I Spivak - Proof of f(x) = c on [a, b]

1. Sep 14, 2016

Simpl0S

In Spivak's Calculus, on page 121 there is this theorem

Then he generalizes that theorem:

I tried proving theorem 4 on my own, before looking at Spivak's proof. Thus I let c = 0 and then by theorem 1, my proof would be completed. Is this a correct proof?

Spivak's proof for theorem 4:

And also can someone explain to me the choice of why Spivak has chosen the equation g = f - c. I understand his proof but the choice would have never occurred to me intuitively.

2. Sep 14, 2016

Staff: Mentor

Your mistake has been, that you are not allowed to set $c=0$ because it has to be proven for arbitrary $c$.
So setting $g=f-c$ makes so to say the arbitrary $c$ for $f$ a $c=0$ for $g$. What is implicitly used here is the fact, that the sum or (difference) of two continuous functions - here $f$ and $c \cdot identity$ - is continuous again. The arbitrariness of $c$ goes entirely into the arbitrariness of $g$.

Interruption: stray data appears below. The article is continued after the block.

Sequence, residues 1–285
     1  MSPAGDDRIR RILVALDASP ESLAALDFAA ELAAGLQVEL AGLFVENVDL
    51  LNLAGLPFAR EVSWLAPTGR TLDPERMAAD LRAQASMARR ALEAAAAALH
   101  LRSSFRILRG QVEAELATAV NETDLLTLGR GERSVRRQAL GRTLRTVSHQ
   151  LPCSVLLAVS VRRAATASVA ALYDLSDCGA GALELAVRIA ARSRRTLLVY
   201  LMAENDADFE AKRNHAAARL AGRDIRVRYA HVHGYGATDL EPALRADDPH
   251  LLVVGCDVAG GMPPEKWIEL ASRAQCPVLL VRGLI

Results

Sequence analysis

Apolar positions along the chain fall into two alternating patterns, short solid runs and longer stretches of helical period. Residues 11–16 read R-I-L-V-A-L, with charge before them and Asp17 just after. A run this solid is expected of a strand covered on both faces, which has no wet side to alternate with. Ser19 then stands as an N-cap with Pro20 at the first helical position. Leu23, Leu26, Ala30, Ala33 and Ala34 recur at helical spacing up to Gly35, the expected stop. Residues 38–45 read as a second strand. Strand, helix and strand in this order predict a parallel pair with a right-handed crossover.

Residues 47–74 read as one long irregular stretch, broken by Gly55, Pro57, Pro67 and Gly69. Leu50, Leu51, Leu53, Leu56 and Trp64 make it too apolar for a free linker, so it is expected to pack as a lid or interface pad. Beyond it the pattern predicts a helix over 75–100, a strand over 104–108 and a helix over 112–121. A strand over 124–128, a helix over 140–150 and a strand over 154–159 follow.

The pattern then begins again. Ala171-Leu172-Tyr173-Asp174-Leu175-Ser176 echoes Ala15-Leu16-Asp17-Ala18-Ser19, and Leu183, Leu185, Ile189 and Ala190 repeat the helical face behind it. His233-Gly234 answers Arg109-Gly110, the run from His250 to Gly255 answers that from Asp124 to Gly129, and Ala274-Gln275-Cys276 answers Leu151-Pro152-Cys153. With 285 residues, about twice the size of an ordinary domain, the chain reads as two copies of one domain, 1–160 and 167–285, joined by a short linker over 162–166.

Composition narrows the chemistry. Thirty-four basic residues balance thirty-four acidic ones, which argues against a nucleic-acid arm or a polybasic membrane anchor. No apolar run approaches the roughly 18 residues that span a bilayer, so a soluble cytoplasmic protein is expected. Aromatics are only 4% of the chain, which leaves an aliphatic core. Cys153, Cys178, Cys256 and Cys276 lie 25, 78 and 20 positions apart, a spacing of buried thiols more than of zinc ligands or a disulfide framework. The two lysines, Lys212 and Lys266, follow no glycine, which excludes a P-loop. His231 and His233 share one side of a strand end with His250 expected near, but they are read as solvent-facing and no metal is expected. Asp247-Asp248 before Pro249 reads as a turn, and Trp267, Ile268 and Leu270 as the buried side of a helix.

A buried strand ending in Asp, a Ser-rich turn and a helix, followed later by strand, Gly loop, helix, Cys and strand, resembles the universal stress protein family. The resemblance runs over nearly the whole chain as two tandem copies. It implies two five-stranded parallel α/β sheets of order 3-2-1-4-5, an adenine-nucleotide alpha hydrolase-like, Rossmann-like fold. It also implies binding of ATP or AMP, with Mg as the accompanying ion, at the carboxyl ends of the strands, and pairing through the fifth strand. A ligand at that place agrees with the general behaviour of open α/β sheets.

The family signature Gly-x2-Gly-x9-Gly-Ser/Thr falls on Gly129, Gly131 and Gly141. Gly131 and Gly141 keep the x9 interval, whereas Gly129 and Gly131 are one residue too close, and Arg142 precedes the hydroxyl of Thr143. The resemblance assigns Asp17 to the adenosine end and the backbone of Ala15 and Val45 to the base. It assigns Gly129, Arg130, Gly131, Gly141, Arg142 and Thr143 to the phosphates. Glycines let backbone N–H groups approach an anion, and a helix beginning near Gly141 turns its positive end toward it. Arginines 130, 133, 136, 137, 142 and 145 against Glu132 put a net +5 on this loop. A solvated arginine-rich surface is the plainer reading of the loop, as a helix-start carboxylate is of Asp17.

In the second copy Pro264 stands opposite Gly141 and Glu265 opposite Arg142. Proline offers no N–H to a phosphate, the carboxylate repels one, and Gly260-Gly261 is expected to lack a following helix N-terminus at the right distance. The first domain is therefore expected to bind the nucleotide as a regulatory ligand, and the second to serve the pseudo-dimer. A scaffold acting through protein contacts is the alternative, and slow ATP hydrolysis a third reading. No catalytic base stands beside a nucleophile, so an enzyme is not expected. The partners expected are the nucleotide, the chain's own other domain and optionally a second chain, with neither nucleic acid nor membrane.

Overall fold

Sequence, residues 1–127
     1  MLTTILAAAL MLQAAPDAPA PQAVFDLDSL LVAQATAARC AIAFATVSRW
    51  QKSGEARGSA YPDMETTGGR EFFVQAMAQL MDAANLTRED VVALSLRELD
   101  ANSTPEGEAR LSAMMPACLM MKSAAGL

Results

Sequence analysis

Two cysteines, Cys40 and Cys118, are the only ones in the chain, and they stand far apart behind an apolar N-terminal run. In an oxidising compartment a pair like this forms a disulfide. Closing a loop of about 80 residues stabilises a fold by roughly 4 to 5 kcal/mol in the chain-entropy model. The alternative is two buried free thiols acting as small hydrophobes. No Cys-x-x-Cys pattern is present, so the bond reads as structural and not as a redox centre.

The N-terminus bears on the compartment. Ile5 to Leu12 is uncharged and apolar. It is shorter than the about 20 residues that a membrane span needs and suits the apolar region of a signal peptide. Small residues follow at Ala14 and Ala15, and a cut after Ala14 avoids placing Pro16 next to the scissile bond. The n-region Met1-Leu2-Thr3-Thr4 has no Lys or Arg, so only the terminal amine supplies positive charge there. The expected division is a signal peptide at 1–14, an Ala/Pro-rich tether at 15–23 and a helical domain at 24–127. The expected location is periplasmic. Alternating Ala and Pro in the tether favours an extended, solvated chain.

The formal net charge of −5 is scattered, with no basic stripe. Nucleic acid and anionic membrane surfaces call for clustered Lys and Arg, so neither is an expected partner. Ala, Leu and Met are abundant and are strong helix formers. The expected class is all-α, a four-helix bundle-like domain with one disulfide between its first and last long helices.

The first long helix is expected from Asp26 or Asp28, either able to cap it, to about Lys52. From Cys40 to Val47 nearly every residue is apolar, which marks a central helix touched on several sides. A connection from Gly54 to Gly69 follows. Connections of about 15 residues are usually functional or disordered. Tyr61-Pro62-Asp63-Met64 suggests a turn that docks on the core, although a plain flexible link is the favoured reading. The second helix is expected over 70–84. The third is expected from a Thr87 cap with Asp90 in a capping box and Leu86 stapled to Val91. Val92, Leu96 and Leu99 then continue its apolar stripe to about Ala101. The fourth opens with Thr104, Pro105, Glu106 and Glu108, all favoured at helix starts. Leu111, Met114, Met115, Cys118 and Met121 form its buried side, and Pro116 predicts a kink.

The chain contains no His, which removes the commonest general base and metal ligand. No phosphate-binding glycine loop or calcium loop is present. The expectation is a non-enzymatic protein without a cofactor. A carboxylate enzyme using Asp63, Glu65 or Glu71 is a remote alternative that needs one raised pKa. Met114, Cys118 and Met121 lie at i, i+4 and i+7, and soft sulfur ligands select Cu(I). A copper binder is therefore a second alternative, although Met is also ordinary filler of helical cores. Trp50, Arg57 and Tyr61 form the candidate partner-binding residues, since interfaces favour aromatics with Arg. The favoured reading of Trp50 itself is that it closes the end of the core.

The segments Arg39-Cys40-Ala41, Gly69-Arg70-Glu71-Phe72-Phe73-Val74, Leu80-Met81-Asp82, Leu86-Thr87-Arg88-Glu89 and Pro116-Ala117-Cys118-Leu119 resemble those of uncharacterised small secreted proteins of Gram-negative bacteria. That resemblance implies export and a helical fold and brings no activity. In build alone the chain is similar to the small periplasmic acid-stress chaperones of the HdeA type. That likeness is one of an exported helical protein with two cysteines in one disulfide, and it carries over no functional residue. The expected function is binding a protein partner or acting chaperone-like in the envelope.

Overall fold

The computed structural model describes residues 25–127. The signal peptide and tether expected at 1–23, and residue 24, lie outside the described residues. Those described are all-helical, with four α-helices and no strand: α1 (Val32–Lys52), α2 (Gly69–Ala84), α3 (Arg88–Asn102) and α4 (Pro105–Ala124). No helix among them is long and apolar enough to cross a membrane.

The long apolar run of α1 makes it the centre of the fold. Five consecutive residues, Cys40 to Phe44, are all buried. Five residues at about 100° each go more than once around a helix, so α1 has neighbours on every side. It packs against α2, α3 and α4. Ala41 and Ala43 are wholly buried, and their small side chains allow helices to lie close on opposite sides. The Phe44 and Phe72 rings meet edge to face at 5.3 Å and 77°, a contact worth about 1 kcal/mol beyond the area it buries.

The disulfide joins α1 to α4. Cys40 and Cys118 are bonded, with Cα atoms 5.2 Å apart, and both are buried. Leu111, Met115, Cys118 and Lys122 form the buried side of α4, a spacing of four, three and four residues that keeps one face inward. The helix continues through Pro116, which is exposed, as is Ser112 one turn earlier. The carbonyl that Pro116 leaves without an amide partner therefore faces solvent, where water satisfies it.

3. Sep 14, 2016

PeroK

I'm not sure why you say you would never have thought of it.

If you'd drawn a diagram for a function with $c =2$, say, then you could make it into a function satisfying $c=0$ simply by moving it vertically.

Isn't that rather obvious? Especially now you've seen it.

4. Sep 14, 2016

JonnyG

There are a lot of "tricks" and techniques that you will pick up along the way during your math studies. Some things that don't seem obvious at first will become more obvious later down the road and you'll be able to apply these tricks and techniques yourself.

5. Sep 19, 2016

Ssnow

The trick is quite usual, in the proof you translated the function $f$ subtracting $c$ defining a new function $g$ that satisfy conditions of theorem 1. So you are in the condition of a well understood case and you can conclude that exists a point $x\in [a,b]$ such that $g(x)=0$ that is $f(x)=c$.